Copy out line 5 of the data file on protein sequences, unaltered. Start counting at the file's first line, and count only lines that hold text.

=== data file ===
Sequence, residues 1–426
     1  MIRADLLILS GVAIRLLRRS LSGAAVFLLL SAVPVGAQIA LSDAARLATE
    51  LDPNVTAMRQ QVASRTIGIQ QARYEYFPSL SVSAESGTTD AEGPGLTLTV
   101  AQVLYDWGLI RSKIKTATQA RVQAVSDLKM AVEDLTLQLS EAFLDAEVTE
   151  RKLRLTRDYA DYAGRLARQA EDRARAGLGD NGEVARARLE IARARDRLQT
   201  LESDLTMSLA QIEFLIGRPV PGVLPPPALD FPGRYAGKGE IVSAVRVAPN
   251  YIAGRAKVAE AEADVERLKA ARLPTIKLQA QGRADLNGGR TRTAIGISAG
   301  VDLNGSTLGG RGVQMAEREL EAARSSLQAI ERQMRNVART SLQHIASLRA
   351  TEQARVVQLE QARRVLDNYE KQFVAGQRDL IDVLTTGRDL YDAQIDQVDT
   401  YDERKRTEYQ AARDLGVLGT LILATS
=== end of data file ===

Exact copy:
   151  RKLRLTRDYA DYAGRLARQA EDRARAGLGD NGEVARARLE IARARDRLQT